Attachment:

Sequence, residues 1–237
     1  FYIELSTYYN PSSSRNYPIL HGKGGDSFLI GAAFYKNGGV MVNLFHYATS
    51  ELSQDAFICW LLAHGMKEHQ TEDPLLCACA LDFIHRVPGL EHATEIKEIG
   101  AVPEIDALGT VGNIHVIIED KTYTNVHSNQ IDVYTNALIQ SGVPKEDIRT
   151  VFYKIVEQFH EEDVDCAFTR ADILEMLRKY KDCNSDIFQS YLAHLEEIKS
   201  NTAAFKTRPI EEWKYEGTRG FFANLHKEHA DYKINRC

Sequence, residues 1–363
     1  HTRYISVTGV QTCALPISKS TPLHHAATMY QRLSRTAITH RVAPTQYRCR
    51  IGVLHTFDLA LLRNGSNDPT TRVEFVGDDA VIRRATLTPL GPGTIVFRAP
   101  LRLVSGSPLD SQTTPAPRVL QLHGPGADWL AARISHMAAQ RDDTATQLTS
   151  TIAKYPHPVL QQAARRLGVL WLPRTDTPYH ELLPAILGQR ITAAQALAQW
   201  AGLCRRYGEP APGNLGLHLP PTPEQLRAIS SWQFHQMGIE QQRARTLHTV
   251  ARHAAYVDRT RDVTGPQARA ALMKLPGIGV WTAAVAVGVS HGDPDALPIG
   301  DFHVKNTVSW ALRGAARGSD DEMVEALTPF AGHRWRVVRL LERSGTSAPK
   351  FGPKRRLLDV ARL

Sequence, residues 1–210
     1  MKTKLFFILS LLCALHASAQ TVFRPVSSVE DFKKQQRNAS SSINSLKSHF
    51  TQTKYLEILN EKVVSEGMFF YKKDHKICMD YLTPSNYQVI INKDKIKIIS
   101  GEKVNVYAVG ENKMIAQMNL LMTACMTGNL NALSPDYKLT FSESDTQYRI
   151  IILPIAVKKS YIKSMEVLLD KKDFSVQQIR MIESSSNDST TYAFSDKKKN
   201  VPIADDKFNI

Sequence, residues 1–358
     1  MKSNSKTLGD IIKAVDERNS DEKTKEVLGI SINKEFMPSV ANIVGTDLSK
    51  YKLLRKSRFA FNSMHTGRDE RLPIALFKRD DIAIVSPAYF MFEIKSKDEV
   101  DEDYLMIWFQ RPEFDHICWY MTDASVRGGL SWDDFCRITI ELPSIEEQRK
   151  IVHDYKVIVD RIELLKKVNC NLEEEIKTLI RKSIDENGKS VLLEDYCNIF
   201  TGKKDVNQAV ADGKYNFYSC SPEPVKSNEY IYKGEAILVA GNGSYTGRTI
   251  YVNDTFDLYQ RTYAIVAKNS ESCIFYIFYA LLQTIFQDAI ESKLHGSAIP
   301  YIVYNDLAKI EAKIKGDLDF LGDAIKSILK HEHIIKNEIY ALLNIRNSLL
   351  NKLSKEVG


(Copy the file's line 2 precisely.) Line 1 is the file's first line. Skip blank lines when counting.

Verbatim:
     1  FYIELSTYYN PSSSRNYPIL HGKGGDSFLI GAAFYKNGGV MVNLFHYATS